Tool for Risk Reinforcement to Envision Your Healthy Lifestyle.

Tool for Risk Reinforcement to Envision Your Healthy Lifestyle
Libby Gill

Like most people, I have definitely outlined some goals around health for 2011.  Okay, a small percentage of that is vanity. Who doesn’t want to look great, right?  But living long and feeling great are the top goals.  Like most people … I also already feel like I’m not prioritizing those goals!  So here is my Tool for Risk Reinforcement to Envision Your Healthy Lifestyle.

Right now, clarify a vision of you in vibrant good health. How will it feel to have abundant energy? To buy a new wardrobe? To feel fabulous while you’re exercising, dancing or making love? Now simplify the most direct route to realizing that vision. Write out your new diet plan. Put your workout commitments on your calendar. Finally, execute your plan–with a trainer, gym class, workout buddy–whatever it takes to get you into action!

If you’d like to make a real move on getting UNSTUCK in your health and your body, register for my course on “You Unstuck – Mastering the New Rules of Risk-Taking in Work and Life” at  Increase your chances for change by inviting a friend or accountability partner for only fifty bucks more! (Now that’s a gift worth unwrapping!)

Revisiting the Hollowing Out of R&D – Global R&D Trends

Revisiting the Hollowing Out of R&D – Global R&D Trends
Jim Carroll

Two years ago, I was the opening keynote speaker for the 14th Annual Portfolio Management for New Products & Services Conference in Fort Lauderdale, an event sponsored by the Product Development and Management Association.

In the blog entry I wrote at the time (The Hollowing Out of Big Corporate R&D), I noted that “I spoke to the broad theme of  ‘innovating faster,’ but also challenged the crowd to think about how the “source of innovative ideas” has changed.”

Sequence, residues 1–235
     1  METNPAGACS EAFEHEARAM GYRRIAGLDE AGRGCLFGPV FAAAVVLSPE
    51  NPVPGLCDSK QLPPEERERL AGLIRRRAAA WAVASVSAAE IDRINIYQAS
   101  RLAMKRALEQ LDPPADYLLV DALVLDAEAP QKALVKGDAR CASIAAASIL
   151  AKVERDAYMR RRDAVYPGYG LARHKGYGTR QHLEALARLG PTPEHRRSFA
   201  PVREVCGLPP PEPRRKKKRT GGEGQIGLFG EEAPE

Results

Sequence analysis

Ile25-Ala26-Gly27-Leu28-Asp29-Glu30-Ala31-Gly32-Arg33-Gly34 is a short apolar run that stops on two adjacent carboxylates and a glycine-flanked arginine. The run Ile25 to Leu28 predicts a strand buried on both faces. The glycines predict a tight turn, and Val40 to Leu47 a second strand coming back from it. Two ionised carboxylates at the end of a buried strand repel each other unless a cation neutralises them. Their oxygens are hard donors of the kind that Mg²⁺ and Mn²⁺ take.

It was a pretty interesting conference — it was right after the financial crisis of 2008, and there were quite a few folks in the room — long time R&D professionals — who had just been let go. Others were seeing their budgets cutback; many more were in a state of absolute shock and uncertainty as the economy was still contracting. It seemed as if the entire room was in a state of shock. I spent a good part of my time working to help them understand there were deep, transformative changes occurring in how “big” R&D was conducted, and if they were to survive, they would have to adapt to these realities. Those point are covered in the blog post.

While undertaking some research in the last few weeks for upcoming keynotes, I’ve come across a few interesting articles that have an R&D spin, and which can help to put into perspective the many ways in which R&D is evolving:
Continue reading Revisiting the Hollowing Out of R&D – Global R&D Trends

Don’t Stumble at the Starting Line

Don’t Stumble at the Starting Line
by Darren Hardy

Have you made New Year’s resolutions or set goals before and failed?

Have you entered a new year beating your chest and proclaiming your magnificent transformation from every mountaintop only to have it dwindle to a whimper by the time January gets torn off the calendar?

What went wrong?

In my experience, there are about a half a dozen ways you can trip yourself up right at the start. Let me help you avoid these common trip-ups:

1. Too Many, Too Much

You try to tackle too many goals, change too many ingrained behaviors and attempt too much too quickly. Look, you have probably been building, developing and reinforcing a poor habit for 10, 20, 30, maybe even 40-plus years. Breaking one poor habit and trying to install a single new success habit is tough enough (and worth it). If you try to do too many, you won’t do any.
Continue reading Don’t Stumble at the Starting Line

Top 10 Reasons Small Businesses Fail

Top 10 Reasons Small Businesses Fail
Jay Goltz

One of the least understood aspects of entrepreneurship is why small businesses fail, and there’s a simple reason for the confusion: Most of the evidence comes from the entrepreneurs themselves.

I have had a close-up view of numerous business failures —
including a few start-ups of my own. And from my observation, the reasons for failure cited by the owners are frequently off point, which kind of makes sense when you think about it. If the owners really knew what they were doing wrong, they might have been able to fix the problem. Often, it’s simply a matter of denial or of not knowing what you don’t know.